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By Fredreka Schouten, USA TODAY
WASHINGTON — Despite the sharp economic downturn, lobbying spending in the nation's capital surged past $3 billion last year as industries and special-interest groups wooed Congress and federal agencies on a host of issues, including taxpayer bailouts for financial companies and automakers.
The record $3.3 billion lobbying price tag is up from $2.9 billion in 2007 and is more than double what was spent four years ago, according to records compiled by the non-partisan CQ MoneyLine.
"It's an arms race," said Massie Ritsch of the non-partisan Center for Responsive Politics. "If your competitors are spending money on professional advocacy to play offense and defense in Washington, you feel you need to do the same."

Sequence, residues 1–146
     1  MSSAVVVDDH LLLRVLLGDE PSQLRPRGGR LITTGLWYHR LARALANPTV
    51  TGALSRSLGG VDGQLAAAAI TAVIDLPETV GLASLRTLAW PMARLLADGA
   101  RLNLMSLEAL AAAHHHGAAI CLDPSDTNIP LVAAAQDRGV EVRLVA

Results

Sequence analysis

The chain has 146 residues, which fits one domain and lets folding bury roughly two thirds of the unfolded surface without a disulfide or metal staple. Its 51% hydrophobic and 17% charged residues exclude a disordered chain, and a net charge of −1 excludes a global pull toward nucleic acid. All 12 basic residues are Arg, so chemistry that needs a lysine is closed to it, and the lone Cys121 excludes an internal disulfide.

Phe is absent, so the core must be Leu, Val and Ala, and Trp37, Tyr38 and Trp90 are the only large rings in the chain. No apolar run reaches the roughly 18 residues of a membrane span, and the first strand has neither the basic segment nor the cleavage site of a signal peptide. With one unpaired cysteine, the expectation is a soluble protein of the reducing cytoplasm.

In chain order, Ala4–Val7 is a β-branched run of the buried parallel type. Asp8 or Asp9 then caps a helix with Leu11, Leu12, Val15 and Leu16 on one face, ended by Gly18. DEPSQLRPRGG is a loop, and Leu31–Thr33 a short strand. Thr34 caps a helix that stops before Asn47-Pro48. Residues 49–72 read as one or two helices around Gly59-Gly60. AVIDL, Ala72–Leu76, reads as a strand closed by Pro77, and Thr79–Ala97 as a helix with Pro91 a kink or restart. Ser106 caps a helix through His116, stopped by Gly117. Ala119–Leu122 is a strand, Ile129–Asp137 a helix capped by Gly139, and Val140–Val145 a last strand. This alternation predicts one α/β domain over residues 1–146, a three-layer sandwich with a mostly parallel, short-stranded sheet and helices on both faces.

Lobbying could soar to higher levels this year, he said, as Congress and President Obama hash out a $825 billion stimulus package that seeks to jump-start the economy with tax cuts and spending.